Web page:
He said: ‘‘In India there is a specific cap to which a single operator should acquire spectrum order wise there will be a huge disadvantage.
‘‘The Commission should replan the GH spectrum bands with the National Spectrum management Commission and the National Broadcasting Commission for the benefit of all. ‘‘If we continue to allow this to happen, it will not be well for the industry,’’ he stated.
On his part, Johnson Oyewo, representative of Senior Manager, MTN Regulatory Affairs and Corporate Relations, dismissed the position of 9Mobile and Airtel, saying that their positions were based on presumptions and lack of data to suggest what they were saying.
He said the desire for the acquisition of the 800MHz spectrum from Visafone by MTN was not driven by selfishness but to expand its network and help the country achieve its 30 per cent broadband coverage by end of 2018.
To Oyewo, MTN was on trial because of its insatiable appetite for investment in every segment of the telecom industry.
‘‘We want to expand our network to the rural areas and that is the advantage the 800MHz has to a long distant with less resources. We want to help the Rural Telephony Project, at large it is Nigeria that will benefit from it.
‘‘This is in line with broadband objective of Nigeria. With this transaction, MTN can leapfrog towards the 30 per cent broadband target. We see a greater good.
”We urge the Commission that this assessment should not only be based on competition but also on the interest of the consumer as well and economic objective of the economy because if we invest, what that translate is that there will be a direct impact on the GDP,’’ Oyewo added.
Prof. Umar Danbatta, the Executive Vice Chairman of the Commission, had earlier in his opening speech, told the audience that the public enquiry was meant to gather informed contributions from stakeholders to enable the commission take informed decision consistent with its mandate to create an enabling environment for effective competition in the industry as well ensure provision of qualitative and efficient telecommunications services throughout the country.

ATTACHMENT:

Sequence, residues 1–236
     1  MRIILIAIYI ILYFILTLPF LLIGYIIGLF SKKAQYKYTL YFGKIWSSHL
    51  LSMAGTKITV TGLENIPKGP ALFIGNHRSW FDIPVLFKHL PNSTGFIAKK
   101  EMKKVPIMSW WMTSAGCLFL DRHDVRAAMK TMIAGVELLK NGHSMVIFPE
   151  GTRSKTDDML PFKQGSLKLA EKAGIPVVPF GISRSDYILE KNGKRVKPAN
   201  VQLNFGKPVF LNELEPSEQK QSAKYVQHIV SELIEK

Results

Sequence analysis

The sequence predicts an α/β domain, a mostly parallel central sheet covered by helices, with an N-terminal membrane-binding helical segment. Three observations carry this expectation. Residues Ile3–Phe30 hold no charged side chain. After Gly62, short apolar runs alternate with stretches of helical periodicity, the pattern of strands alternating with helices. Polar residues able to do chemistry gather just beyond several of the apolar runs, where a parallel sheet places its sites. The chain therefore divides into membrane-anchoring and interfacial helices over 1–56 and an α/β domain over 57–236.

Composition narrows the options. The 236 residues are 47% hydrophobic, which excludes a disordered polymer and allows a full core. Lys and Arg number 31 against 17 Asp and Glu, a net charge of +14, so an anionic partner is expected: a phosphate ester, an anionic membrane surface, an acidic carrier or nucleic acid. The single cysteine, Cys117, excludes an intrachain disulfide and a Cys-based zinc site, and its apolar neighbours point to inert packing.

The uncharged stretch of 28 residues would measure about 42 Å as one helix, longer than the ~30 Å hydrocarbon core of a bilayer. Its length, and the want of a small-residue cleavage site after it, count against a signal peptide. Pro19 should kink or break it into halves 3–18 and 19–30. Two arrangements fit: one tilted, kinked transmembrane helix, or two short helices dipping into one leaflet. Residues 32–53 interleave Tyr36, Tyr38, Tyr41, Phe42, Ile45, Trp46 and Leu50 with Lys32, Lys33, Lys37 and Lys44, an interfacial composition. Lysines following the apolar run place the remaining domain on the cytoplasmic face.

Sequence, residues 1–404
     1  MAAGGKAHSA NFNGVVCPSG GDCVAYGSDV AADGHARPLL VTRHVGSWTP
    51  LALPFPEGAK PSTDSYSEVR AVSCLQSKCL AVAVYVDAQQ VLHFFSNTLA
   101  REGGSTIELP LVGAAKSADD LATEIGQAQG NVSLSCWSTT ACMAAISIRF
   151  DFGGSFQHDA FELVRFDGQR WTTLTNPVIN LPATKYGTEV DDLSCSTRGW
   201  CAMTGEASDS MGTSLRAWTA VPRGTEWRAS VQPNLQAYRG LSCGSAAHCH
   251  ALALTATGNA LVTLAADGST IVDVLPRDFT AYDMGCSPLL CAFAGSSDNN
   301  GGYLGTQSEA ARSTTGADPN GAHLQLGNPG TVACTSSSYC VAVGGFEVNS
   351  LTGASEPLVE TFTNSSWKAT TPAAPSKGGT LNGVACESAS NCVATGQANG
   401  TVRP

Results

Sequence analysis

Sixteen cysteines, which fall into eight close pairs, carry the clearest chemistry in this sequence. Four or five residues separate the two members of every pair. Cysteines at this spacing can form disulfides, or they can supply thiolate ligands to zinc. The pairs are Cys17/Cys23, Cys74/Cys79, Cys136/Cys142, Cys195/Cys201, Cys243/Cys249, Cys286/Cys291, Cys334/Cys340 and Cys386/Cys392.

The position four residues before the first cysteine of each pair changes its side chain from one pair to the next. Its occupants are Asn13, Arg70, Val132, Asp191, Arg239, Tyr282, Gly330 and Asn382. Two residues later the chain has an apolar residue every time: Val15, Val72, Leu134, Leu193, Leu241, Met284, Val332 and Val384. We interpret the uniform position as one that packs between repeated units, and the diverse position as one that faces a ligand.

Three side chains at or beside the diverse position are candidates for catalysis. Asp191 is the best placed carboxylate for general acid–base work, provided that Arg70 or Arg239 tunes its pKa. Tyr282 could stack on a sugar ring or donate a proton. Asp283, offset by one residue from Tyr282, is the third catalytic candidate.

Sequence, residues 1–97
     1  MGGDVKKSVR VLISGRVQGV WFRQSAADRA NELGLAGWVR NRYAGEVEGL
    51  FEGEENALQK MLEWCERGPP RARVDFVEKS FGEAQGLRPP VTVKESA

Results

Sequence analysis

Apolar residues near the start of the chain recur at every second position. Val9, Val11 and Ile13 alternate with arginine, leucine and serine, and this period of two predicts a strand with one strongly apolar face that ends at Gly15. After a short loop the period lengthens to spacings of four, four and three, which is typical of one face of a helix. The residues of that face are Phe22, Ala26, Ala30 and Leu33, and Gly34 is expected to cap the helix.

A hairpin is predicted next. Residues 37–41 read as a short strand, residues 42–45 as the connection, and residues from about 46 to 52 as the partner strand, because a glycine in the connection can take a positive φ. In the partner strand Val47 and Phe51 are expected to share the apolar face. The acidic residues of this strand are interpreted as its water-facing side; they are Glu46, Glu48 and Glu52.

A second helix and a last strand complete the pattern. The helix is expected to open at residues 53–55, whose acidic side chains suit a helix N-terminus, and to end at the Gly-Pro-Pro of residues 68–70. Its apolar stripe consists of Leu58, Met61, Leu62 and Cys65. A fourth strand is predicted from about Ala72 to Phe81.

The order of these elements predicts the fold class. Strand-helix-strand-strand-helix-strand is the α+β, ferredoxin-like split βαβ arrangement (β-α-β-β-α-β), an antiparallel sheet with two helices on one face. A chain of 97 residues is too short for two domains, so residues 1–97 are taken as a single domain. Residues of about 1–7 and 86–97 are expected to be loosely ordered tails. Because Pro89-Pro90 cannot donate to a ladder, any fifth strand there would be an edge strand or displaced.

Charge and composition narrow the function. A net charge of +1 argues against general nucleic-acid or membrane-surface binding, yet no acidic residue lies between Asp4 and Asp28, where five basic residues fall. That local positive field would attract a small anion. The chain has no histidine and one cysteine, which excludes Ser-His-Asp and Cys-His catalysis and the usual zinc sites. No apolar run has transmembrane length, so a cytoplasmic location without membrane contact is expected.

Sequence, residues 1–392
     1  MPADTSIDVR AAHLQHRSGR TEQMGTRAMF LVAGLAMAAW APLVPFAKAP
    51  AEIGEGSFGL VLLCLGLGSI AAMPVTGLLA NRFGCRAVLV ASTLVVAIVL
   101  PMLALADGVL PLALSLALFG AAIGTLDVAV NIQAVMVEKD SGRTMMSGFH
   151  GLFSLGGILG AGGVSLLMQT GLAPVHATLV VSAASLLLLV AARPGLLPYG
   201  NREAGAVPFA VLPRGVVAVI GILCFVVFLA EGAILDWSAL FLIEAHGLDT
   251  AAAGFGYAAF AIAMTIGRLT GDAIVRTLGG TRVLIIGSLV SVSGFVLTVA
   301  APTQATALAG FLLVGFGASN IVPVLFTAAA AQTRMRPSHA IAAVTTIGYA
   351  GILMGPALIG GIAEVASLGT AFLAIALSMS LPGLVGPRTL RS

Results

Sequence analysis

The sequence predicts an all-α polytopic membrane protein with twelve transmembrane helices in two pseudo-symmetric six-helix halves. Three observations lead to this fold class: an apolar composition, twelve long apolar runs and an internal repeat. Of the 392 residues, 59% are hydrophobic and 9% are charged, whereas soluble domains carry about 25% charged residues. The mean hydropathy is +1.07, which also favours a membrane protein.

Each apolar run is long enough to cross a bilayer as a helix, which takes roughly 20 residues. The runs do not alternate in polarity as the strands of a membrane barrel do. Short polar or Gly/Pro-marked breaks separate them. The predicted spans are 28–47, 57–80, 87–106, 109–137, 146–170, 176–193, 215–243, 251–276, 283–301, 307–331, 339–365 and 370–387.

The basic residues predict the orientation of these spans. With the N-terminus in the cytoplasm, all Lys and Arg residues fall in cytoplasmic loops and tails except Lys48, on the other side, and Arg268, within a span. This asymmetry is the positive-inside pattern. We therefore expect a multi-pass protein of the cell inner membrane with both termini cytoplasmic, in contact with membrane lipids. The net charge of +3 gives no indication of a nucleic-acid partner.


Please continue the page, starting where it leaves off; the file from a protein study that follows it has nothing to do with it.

‘‘The commission seeks your active participation in the deliberations that would lead to an informed decision consistent with our mandate.
‘‘As you may be aware, the demand for spectrum has increased due to emergence of disruptive innovations such as Mobile Broadband, Web Applications, Cloud Computing (CC), Internet of Thinks (IoT) and the proliferation of smart devices among others.
‘‘Consequently, in order to reap the benefits of effective utilization of Spectrum as well as improve operational efficiency and regulatory excellence, the Commission in accordance with its mandate as enshrined in the Nigerian Communications Act, NCA, 2003 embarked on re-planning of some of the its frequency bands.
‘‘In line with the spirit of participatory regulation and the strategic objective of the commission to hold regular consultation with the industry stakeholders, the commission has decided to hold a public enquiry to elicit inputs and comments from stakeholders to enable us draw important and beneficial contributions from your wealth of experience and research,” the NCC boss said.